We are what they wear
Updated: 2013-06-20 16:33
By Xu Lin (China Daily)
Students in Garze, Sichuan province, try on the new clothes received from Wardrobe of Love, a charity NGO, which provides high-quality new clothes to impoverished students. Photo provided to China Daily
"A set of clothes is a key that can open a door for them," Wang says.
"Wardrobe of Love is like a family. We all care about each other and share the same ideals," says Zhao Qian, 43, a volunteer. She quit her job as a sales executive about seven years ago, to be a full-time volunteer at NGOs.
"It's my way to repay society. I like the children's innocence and pureness, which is not so common today. A single piece of candy can bring them a lot of joy," she says.
She claims China has policies on orphans, but not on poor children.
"It's very important to cooperate with the local government, because they provide information from schools and help us distribute clothes," she says.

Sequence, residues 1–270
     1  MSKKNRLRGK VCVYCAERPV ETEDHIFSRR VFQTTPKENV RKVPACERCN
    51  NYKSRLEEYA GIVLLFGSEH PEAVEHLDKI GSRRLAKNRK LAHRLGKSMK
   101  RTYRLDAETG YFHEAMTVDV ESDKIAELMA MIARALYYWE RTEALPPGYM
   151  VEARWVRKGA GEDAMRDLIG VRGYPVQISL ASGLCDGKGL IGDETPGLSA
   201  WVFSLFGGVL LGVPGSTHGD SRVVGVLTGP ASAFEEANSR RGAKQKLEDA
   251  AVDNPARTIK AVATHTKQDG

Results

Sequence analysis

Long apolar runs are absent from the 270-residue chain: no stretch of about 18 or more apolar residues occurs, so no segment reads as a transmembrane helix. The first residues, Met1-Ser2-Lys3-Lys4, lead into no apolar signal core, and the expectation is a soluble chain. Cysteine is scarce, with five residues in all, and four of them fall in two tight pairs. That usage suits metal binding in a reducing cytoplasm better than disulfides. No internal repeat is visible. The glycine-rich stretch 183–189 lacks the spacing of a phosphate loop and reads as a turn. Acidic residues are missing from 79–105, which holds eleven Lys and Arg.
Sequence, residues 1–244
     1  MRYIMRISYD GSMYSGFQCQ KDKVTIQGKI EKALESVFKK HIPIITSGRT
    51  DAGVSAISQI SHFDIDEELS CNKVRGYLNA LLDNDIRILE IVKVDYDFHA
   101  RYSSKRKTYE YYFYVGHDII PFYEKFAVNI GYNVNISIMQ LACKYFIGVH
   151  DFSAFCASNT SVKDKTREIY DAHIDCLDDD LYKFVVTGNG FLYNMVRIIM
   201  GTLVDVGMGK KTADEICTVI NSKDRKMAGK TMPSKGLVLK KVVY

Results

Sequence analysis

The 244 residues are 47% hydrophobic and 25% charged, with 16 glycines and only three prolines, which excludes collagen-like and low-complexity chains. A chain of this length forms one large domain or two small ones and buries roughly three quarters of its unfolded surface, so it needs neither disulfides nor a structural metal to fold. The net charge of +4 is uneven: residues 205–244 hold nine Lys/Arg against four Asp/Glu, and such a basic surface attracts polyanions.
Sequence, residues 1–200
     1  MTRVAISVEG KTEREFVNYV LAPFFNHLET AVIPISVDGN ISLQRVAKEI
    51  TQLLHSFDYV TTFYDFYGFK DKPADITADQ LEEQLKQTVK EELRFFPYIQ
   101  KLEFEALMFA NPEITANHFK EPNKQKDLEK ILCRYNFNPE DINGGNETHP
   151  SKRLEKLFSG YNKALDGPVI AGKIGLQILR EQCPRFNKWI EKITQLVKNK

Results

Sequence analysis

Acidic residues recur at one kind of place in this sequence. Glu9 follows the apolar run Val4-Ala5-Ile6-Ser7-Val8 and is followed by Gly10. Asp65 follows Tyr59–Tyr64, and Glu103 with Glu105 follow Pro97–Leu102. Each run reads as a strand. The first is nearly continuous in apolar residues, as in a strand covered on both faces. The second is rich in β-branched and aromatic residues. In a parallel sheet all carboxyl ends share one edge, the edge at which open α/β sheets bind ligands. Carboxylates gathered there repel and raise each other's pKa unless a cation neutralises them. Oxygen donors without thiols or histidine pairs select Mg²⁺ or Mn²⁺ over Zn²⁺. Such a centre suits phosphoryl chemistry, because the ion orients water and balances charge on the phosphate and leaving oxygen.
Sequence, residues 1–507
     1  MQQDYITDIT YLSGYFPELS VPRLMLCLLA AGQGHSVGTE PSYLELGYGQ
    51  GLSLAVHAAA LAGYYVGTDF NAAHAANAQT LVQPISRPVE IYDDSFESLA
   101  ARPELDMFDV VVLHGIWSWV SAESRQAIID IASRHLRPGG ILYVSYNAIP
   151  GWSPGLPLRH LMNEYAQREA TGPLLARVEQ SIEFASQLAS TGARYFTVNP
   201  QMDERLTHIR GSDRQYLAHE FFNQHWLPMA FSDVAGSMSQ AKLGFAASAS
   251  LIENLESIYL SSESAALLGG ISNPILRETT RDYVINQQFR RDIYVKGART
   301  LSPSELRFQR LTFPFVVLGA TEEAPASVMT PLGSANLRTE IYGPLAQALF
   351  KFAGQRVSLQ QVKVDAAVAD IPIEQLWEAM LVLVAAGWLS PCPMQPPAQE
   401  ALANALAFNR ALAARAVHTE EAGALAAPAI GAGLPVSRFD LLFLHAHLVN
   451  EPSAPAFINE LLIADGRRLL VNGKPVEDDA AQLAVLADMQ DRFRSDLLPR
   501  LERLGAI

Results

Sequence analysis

"We'd like to offer a platform to help corporations that have online stores to deal with their stock, such as out-of-season clothing," Wang adds. "Netizens can have nice things for cheap prices in the exclusive goods section of Wardrobe of Love, and contribute to charity at the same time," he says.
"We will provide a website, with all our partners' goods, so more people can buy them. We also plan to develop an app."
Wang says it is positive for charity organizations to be social enterprises, which make a profit to solve social problems rather than provide dividends to investors.
He also plans to establish an independent Wardrobe of Love foundation.
"It means my responsibilities will be greater, but an official seal for an NGO is very important, because it's easier to cooperate with others, such as signing contracts for urgent cooperative ventures."